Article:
- Environment Overview
- Air Quality
- Animal Welfare
- Animals as prizes
- Animal Nuisances
- Animal Welfare Charter
- Are your Eggs Friendly?
- Chicken Advice
- Dangerous Dogs
- Dead Animals
- Fireworks - Animal Care
- Frequently Asked Questions (FAQ's)
- Horses and Ponies
- Lost, Found or Stray Dogs
- Pets and Floods
- Pony Rides
- Responsible Pet Ownership
- Useful contacts for animal welfare
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- Pollution and Nuisance
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Fireworks - Animal Care
Although many people enjoy fireworks, it is widely recognized that animals are generally frightened of them. Here are a few tips to help minimize the distress caused to your pet when fireworks are being let off.
Sometimes, we tend to forget our small pets that live in outside pens such as rabbits and guinea pigs when it comes to fireworks, but they can get frightened by the noises and flashes of fireworks.
If you can, try to move their hutches into a quieter part of the garden or better still move them into sheds or garages to minimise the effect of the fireworks.
Give them extra bedding so that they can hide if they want to.
Small indoor pets such as birds and hamsters may also get frightened, so closing the curtains, switching the lights on and having the TV or radio on may help.
Dogs and cats
Bring your cat or dog indoors well before the fireworks start, remembering to close and lock any cat or dog flaps so that your pet cannot escape.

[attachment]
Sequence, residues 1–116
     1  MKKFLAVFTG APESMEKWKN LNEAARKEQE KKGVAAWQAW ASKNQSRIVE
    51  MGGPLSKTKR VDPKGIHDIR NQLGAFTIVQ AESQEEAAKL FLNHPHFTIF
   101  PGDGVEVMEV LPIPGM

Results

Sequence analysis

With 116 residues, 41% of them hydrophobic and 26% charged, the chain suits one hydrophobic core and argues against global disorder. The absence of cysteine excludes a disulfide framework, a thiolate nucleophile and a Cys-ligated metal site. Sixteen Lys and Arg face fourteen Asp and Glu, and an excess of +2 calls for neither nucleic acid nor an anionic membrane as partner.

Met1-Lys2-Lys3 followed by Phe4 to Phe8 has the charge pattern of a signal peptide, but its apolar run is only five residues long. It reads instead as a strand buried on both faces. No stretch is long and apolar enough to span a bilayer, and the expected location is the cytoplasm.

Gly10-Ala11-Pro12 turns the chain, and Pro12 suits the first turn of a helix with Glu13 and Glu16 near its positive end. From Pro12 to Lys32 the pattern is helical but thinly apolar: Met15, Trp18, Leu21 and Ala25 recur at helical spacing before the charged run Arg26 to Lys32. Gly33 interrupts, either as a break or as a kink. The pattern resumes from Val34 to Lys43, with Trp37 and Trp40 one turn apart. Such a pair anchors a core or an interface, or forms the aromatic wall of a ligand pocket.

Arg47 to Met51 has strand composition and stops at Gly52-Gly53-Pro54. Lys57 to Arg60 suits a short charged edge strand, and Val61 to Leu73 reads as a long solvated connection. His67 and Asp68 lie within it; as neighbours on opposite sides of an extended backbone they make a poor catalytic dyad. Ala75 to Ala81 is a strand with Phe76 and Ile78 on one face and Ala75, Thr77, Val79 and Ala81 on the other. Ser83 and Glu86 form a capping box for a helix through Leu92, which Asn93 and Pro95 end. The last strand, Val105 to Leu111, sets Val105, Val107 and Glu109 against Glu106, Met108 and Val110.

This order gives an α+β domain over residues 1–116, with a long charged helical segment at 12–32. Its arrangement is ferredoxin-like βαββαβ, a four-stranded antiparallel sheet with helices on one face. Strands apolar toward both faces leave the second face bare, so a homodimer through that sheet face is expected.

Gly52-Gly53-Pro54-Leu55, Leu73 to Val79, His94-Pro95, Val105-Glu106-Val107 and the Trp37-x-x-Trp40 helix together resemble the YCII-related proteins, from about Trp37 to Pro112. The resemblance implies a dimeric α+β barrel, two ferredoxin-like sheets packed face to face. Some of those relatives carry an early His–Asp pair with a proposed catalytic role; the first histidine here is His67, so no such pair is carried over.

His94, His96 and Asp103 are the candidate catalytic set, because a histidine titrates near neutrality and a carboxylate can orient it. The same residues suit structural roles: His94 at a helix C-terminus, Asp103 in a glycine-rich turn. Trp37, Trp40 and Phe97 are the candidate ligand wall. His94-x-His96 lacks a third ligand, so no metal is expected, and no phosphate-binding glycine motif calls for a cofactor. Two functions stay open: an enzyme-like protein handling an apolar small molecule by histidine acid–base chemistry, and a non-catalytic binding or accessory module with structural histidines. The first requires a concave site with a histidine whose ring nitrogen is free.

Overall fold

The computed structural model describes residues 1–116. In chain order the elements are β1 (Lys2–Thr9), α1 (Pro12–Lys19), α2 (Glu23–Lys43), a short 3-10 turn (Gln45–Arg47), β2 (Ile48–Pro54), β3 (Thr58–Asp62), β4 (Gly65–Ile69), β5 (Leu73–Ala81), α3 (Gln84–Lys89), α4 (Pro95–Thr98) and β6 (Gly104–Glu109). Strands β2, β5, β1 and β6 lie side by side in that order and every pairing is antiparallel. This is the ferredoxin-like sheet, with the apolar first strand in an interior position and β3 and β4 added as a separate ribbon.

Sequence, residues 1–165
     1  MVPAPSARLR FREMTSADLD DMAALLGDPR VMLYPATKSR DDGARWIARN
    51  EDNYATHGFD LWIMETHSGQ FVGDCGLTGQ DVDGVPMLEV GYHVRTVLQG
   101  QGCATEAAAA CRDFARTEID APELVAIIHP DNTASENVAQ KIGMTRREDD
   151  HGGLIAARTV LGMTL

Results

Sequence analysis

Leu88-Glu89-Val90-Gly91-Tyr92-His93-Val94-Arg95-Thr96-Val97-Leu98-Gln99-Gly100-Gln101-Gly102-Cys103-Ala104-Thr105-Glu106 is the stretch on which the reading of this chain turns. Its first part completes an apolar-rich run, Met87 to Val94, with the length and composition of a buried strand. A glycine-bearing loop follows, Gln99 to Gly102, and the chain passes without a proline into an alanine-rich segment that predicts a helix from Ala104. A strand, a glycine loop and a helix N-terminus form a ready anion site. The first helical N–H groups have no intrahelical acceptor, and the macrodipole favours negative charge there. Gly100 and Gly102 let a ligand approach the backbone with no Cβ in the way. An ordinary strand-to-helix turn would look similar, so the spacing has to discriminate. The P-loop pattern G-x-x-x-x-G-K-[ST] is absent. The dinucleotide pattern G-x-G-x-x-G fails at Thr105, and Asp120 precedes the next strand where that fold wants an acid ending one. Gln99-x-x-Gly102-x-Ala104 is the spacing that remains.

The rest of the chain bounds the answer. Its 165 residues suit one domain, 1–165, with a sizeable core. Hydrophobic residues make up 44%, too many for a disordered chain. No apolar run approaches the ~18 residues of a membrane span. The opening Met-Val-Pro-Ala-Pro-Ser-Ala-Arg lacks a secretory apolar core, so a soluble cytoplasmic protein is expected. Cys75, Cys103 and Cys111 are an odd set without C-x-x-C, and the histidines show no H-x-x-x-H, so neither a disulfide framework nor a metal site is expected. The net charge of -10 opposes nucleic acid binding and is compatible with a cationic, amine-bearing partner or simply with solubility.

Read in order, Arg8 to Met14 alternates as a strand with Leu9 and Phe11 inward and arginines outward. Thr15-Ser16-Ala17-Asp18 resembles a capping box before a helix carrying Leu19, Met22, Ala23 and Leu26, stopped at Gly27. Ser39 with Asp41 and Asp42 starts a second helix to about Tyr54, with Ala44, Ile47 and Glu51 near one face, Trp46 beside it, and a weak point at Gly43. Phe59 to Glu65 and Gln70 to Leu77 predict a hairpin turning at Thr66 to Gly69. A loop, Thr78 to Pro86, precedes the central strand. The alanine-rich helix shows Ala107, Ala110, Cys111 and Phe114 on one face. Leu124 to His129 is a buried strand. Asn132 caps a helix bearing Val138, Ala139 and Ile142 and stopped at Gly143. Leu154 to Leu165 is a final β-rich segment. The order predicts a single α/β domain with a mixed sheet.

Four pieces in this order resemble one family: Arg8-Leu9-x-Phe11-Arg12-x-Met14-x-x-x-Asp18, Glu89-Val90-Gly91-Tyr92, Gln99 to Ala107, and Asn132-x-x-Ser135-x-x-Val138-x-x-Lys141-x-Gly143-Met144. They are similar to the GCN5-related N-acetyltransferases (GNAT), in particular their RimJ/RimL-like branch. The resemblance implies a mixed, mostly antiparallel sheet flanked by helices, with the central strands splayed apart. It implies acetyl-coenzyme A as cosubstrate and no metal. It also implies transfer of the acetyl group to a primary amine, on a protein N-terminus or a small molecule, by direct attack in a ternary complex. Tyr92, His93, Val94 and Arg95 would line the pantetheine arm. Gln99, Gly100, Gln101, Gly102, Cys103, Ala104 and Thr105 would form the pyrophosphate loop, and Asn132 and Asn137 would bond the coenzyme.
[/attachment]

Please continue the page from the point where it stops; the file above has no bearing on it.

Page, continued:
Make sure that your cat or dog is micro chipped, so that if they do escape, they can be identified and returned to you. A collar with your details on it is also useful (and law for dogs when they are in public places).
Close your widows and doors, draw your curtains and switch on lights and put the television or radio on, as these measures will help lessen the noise and flashes of the fireworks.
Your pet may try to find somewhere to hide, such as under a bed or in a cupboard, if you know that your pet does this when they are frightened, put their blanket or favourite toy there for them.
If you can, stay in with your pet and try not to react to either the fireworks or their behaviour, because if your pet senses that you are upset, they may get more worried.
Wait until the fireworks have all finished before letting your pet out or taking them for their final walk of the day.
Horses and Farm Animals
Check with your neighbours if they are planning to have fireworks parties and so that you can plan in advance how best to care for your animals.
Politely ask your neighbours to have their party as far away from where your animals are as possible, explaining your reasons why.
Move your animals to the quietest part of you property or, if possible, move them to a quieter location altogether.
If you know that your pet is very scared of fireworks, it may be worthwhile speaking to your vet who may be able to help, by recommending CDs that slowly get your pet used to loud noises or Dog Appeasing Pheromone (DAP) products that help to calm your pet.
Finally, please do not forget wildlife, if you are having a firework party with a bonfire, build the bonfire as late as possible and check that no animals such as hedgehogs have made their homes in the bonfire.